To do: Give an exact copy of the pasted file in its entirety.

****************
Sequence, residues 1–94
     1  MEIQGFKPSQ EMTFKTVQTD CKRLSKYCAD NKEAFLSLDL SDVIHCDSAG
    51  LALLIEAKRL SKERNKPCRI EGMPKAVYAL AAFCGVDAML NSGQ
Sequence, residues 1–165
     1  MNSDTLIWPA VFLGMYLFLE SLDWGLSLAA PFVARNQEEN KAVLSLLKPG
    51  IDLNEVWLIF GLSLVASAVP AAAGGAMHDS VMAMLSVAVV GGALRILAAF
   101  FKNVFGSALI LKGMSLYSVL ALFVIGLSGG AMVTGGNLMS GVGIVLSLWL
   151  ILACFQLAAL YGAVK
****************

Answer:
Sequence, residues 1–94
     1  MEIQGFKPSQ EMTFKTVQTD CKRLSKYCAD NKEAFLSLDL SDVIHCDSAG
    51  LALLIEAKRL SKERNKPCRI EGMPKAVYAL AAFCGVDAML NSGQ
Sequence, residues 1–165
     1  MNSDTLIWPA VFLGMYLFLE SLDWGLSLAA PFVARNQEEN KAVLSLLKPG
    51  IDLNEVWLIF GLSLVASAVP AAAGGAMHDS VMAMLSVAVV GGALRILAAF
   101  FKNVFGSALI LKGMSLYSVL ALFVIGLSGG AMVTGGNLMS GVGIVLSLWL
   151  ILACFQLAAL YGAVK